Today, the shops are stuffed with goods from china. There are broken windows in the shop fronts from fights occurring in the center plus half baked robberies. . Some of the windows have been boarded with cardboard, and stuck there with masking tape. Where the grand piano was and eatery is a solid cement floor. The lifts don’t work, and the likelihood of being pillaged is very high. Or mugged and stabbed. The surrounding area too is much the same. It is sad.

marinelife's avatar

I actually lived in the area that I live in now 40 years ago, and just returned two years ago.It is literally almost unrecognizable.

One place that used to be a quaint neighborhoody town is now filled with high rises.

There is a large hispanic population all over the area now that was non-existant 40 years ago.

The traffic is horrible—worst in the U.S.

But, on the plus side, we can drive not even half an hour really, only 15 minutes, and get into farm country or woods. That is a blessing.

ragingloli's avatar

The entire block got renovated some years ago. The buildings lost the top 2 floors.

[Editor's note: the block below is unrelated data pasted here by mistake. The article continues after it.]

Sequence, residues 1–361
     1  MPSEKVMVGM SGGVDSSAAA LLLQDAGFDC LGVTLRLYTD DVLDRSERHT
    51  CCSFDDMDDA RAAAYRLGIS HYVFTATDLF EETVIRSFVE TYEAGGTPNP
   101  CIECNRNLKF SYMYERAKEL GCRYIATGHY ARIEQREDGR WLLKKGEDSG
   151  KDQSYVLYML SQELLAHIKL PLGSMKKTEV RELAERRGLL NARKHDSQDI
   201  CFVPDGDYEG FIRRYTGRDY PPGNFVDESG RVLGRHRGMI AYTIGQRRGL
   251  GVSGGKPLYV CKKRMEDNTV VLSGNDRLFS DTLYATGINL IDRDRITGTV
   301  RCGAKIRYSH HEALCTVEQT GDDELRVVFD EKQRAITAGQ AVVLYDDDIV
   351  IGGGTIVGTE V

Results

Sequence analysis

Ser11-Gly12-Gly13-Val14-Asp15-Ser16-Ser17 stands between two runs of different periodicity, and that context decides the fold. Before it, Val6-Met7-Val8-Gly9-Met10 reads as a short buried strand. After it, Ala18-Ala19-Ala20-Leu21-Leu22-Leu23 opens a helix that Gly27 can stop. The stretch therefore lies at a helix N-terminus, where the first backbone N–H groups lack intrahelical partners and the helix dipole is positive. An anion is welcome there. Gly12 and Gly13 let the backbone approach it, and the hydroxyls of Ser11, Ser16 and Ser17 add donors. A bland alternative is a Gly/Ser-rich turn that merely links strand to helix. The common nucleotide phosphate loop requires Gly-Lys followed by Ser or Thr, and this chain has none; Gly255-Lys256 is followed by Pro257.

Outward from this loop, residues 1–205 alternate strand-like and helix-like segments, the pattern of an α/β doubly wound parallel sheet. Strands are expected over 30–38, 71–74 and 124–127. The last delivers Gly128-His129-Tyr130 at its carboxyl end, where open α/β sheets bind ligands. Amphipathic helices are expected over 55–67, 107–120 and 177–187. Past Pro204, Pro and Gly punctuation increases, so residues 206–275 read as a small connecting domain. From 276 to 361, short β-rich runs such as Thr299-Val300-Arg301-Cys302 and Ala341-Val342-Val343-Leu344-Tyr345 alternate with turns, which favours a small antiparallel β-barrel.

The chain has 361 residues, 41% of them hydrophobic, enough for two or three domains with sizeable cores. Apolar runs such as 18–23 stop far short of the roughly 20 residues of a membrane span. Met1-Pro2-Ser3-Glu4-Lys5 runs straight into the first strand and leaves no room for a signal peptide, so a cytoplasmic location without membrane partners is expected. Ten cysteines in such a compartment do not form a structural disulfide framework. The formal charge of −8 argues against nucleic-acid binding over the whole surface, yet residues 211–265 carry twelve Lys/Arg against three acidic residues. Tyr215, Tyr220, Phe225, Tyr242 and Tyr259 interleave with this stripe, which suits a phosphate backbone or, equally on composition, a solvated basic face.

jonsblond's avatar

The most interesting change I’ve experienced was in my childhood hometown, Las Vegas. I lived there from 1st to 10th grade during the mid 70s to mid-80s. They had just started tearing down several of the older casinos to make way for the new McCasinos. My best friend still lives there, as well as one of my sisters, and I’ve seen pictures and heard about all the changes that have happened there, especially the size in population. There are at least a dozen new high schools, I believe. It’s not the same town I grew up in.

flutherother's avatar

All the local shops, apart from a newsagents, have vanished along with the familiar faces that worked there. The countryside has been replaced by large expensive houses and a new school. The roads which used to be quiet are now choc a bloc with traffic. I don’t go back often to my home town but when I do I walk the streets like a stranger. Almost everyone I knew has died or moved elsewhere.